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A gentleman and a slugger
Hank Hersch
April 15, 1991
Toronto first baseman John Olerud is a sweet-natured 22-year-old who talks softly but carries a big stick
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April 15, 1991

A Gentleman And A Slugger

Toronto first baseman John Olerud is a sweet-natured 22-year-old who talks softly but carries a big stick

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The role model for Olerud's makeup and manner is his father. John Everett Olerud was raised on Norwegian dishes like lefser and lutefisk in Lisbon, N.Dak., as well as a steady diet of baseball; his uncle Ilef Olerud is a fabled North Dakota amateur ballplayer and a member of the state's amateur baseball hall of fame. After making All-America as a catcher at Washington State, John Sr. played several minor league seasons at the Triple A level in the '60s. But he never made the majors because he couldn't put enough Norwegian wood on the ball.

The elder Oly persevered in other venues. In his off-seasons he went to the University of Washington medical school, graduated while he was still in baseball, and became a dermatologist after he gave up the game. "After all he's accomplished," says his son, "I don't see how you could respect a guy more."

But John has gifts his dad didn't: a natural swing and a knack for making maximum contact with a baseball bat. In one of his first practices as a freshman at Washington State, John powered a pitch deep over the centerfield fence. Suspecting him of some unseen, Schwarzeneggerian strength, the coaches waited for him to dazzle them with pull-ups after practice. John couldn't even do two.

"Little Oly looks kind of pale sitting on the bench, but then he'll jump up when it's his turn and hit one out of the park like it was nothing," says Washington State coach Bobo Brayton. "He's got great coordination. My god! He just barely swings and the ball jumps. But he also has great command of the game and of himself. When he pitched, I'd go out to the mound if he was in trouble and say, it's not your slider or fastball that's going to do the job. The best thing you've got going for you is John Olerud.' "

Like Gehrig, Olerud faced the prospect of a prime cut cruelly short. In the winter before his junior season he began to suffer brief, 15-second episodes of severe pain in his head. Then while jogging to get ready for the team's timed mile run, he blacked out. At first, tests ruled out tumors, viruses and infection, and X-rays didn't show an aneurysm—a blood-filled sac that forms on a swollen blood vessel. But a colleague of Dr. Olerud's at the University of Washington Medical Center suggested John be X-rayed at other angles. John, ready to start the season in Pullman, reluctantly flew to Seattle for further observation.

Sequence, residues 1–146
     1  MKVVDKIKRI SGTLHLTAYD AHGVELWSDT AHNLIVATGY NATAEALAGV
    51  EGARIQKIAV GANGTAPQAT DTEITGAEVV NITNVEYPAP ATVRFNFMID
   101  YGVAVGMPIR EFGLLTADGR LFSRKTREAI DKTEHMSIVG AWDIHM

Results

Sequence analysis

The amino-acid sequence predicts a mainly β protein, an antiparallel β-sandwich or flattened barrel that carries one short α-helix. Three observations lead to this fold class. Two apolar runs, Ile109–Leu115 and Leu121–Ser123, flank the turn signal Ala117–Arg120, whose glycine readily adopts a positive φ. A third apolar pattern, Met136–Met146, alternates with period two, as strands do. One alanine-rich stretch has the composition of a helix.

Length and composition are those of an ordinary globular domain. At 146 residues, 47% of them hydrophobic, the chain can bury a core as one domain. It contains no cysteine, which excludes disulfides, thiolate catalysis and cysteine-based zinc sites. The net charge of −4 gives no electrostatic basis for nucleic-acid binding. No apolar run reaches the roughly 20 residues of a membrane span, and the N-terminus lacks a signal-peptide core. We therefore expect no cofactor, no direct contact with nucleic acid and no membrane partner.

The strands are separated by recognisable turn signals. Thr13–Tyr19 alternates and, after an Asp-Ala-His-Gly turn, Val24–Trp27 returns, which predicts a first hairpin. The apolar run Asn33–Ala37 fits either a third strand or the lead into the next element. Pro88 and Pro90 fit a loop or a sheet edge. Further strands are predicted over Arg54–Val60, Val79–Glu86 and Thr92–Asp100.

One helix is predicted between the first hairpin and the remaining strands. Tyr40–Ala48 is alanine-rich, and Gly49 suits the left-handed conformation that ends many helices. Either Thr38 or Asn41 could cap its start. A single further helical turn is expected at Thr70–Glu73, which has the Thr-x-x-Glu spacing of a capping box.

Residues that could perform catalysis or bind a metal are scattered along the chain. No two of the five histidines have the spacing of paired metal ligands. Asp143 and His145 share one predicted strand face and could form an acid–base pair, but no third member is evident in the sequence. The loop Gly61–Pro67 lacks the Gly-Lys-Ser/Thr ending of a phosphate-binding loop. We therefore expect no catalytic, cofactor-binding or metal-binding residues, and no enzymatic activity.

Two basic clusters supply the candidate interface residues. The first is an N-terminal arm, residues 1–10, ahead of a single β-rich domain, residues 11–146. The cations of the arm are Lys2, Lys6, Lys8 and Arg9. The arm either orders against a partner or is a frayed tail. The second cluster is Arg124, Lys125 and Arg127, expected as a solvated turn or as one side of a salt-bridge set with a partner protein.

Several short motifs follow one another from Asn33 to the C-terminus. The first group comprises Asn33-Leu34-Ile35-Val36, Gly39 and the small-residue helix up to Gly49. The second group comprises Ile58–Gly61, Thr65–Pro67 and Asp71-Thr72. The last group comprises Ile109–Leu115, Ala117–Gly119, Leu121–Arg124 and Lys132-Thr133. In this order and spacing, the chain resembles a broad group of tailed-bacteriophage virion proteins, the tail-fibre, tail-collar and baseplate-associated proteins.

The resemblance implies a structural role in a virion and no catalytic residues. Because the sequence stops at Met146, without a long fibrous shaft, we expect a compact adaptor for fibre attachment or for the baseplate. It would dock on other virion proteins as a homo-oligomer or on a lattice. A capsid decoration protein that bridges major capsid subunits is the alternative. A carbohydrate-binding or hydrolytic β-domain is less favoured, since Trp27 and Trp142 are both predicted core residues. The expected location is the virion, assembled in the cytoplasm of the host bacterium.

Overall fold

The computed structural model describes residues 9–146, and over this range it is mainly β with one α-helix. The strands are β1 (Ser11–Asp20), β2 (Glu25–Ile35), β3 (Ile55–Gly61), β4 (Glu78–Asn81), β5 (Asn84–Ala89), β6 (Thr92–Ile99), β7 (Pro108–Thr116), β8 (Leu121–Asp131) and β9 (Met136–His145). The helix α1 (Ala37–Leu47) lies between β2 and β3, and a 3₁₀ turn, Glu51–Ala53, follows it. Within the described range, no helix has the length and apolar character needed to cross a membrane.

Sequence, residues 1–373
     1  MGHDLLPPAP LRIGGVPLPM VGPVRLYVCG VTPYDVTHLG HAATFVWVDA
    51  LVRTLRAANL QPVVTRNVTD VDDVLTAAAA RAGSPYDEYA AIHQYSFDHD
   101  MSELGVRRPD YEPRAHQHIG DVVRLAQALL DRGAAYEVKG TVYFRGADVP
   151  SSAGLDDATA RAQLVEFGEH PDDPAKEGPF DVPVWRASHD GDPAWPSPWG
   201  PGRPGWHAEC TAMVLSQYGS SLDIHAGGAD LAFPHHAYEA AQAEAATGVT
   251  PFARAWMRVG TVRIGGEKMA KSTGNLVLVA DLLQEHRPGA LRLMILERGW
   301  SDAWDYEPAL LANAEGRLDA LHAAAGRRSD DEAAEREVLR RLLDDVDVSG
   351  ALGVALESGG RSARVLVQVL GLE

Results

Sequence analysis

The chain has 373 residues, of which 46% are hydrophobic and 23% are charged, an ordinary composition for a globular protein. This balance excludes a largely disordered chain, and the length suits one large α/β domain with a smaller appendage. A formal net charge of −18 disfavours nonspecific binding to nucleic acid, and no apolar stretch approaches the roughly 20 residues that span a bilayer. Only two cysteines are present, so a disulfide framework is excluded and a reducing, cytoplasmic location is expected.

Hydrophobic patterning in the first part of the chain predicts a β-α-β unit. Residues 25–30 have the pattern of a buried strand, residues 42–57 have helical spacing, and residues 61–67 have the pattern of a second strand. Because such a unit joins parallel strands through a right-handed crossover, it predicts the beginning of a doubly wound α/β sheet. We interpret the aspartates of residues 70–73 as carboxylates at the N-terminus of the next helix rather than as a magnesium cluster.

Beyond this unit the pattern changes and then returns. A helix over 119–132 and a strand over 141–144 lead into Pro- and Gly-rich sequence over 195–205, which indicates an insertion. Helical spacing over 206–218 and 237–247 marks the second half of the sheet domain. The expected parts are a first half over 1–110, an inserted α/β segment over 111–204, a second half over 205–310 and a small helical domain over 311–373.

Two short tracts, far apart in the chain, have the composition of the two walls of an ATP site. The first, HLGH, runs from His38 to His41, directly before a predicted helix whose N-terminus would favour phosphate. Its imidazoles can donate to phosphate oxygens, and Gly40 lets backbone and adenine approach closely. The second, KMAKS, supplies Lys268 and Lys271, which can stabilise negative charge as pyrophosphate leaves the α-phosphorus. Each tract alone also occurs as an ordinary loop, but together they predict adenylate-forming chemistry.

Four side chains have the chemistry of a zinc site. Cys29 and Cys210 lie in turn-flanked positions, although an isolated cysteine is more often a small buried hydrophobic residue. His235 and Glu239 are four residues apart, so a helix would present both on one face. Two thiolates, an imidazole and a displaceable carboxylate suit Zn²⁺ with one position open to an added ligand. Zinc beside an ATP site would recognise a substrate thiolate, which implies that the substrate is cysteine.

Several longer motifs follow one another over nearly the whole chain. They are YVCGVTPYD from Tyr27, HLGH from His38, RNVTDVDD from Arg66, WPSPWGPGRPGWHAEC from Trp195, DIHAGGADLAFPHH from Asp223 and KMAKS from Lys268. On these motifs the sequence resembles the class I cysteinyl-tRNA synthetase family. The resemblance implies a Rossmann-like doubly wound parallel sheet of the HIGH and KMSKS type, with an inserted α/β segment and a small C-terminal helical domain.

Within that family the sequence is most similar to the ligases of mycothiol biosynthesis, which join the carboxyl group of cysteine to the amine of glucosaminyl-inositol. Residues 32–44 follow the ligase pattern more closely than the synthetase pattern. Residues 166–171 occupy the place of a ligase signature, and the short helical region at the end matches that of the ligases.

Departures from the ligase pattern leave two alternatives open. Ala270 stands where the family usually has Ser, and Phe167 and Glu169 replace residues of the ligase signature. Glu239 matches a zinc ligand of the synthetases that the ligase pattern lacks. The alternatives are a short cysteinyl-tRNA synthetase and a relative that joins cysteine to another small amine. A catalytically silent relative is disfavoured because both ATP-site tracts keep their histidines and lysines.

"The guy brings out the X-ray, and I go, 'There it is,' " recalls John. "You didn't have to be a brain surgeon to pick it out."

Had the aneurysm not been detected, there was a 50% chance it would have ruptured and killed him. On Feb. 27, 1989, John Sr. and his wife, Lynda, drove to Harborview Medical Center in Seattle with their son, who prepared for brain surgery by flipping through the sports pages. While his dad had given him the ultimate in parental reassurance by telling him he was in the hands of H. Richard Winn, "the Ozzie Smith of neurosurgeons," the operation was not without peril. Doctors would be working not only near the optic nerve but also around the brain's frontal lobe, which influences personality.

The surgery took six hours. "When I got out and could see well with both eyes and move my arms and legs, I thought I'd be O.K.," says John. His folks stayed on the lookout for changes in John's demeanor. He passed an early test when he agreed to pose for two pictures with his dad gripping the sutured left side of his skull like a pitcher, one with the seams, the other across them. "It was still the same John," Lynda says. "Everything's on an even keel with him."

The experience, however, deepened his perspective. Says John, "You go through something like that, and then something goes wrong, something stupid you'd normally get upset about, and you can say, 'This is an inconvenience, but I'm lucky to be here to experience this inconvenience.' " The area around his left temple has a baseball-sized dent, and to protect his head from further damage he wears a batting helmet in the field as well as at the plate.

Seven weeks after the operation Olerud was back in the Cougar lineup. Though 20 pounds lighter and wobble-legged, he wound up his junior season with a 3-2 record and a .359 average. He finished the regular season with a flourish against Gonzaga, tossing a five-hitter and mashing two homers in a doubleheader.

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